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Austin’s First Settler – Jacob M. Harrell – 1804-1853


Jacob M. Harrell, an early settler, was born in Tennessee in 1804. He married

Mary McCutcheon, and they had four kids. Harrell came to Texas in 1833. In

1836, he was one of five pioneers living at the settlement of Reuben Hornsby on

the Colorado River. The Harrell family was one of the first to move to Waterloo

(later Austin) in 1838. Harrell was reported to have been living near Capitol Hill when Mirabeau B. Lamar first visited the Austin area on a hunting trip. A historical marker near the Congress Avenue Bridge in Austin indicates the site of his home. About 1839, Harrell established a butcher pen in Austin. In 1840, he was a member of an Austin vigilance committee and in June 1843, he represented Austin in a convention at La Grange, Fayette County, called to express dissatisfaction with the republic’s policy in the west. In March 1844, Harrell was a commissioner to sell shares in the Colorado Navigation Company.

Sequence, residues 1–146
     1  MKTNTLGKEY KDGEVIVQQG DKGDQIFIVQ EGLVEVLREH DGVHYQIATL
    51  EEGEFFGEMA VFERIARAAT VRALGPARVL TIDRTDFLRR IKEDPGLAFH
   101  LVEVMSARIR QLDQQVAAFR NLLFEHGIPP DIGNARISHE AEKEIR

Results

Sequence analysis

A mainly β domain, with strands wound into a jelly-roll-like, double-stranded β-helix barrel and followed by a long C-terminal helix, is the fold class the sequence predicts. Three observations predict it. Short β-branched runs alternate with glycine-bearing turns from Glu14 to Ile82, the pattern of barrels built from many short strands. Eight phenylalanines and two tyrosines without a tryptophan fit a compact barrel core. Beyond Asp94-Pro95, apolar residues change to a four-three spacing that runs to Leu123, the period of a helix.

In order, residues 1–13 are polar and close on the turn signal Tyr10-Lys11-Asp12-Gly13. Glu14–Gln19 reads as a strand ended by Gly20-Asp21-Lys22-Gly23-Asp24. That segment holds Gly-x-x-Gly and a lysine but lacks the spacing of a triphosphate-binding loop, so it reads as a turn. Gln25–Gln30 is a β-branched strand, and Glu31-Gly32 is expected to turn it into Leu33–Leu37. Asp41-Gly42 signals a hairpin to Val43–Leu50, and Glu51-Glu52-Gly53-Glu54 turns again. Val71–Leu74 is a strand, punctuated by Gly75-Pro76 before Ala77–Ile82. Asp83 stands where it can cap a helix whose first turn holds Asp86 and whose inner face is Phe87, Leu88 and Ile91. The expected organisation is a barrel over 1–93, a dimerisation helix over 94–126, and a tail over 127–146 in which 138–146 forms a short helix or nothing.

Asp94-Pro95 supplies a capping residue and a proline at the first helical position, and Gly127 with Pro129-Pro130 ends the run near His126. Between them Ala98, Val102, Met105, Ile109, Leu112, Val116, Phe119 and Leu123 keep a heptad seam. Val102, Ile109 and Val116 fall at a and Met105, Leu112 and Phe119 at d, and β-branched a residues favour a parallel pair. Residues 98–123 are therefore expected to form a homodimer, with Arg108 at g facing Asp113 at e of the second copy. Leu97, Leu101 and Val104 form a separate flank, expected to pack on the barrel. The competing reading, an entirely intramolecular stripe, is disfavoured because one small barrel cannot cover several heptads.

He was elected mayor of Austin in January 1847. In 1848, he moved to Round

Rock, where he was listed as a blacksmith in the 1850 census. He died on August

23, 1853, at his home on Brushy Creek. This information was taken from the New Handbook of Texas, Volume 3, Page 469.



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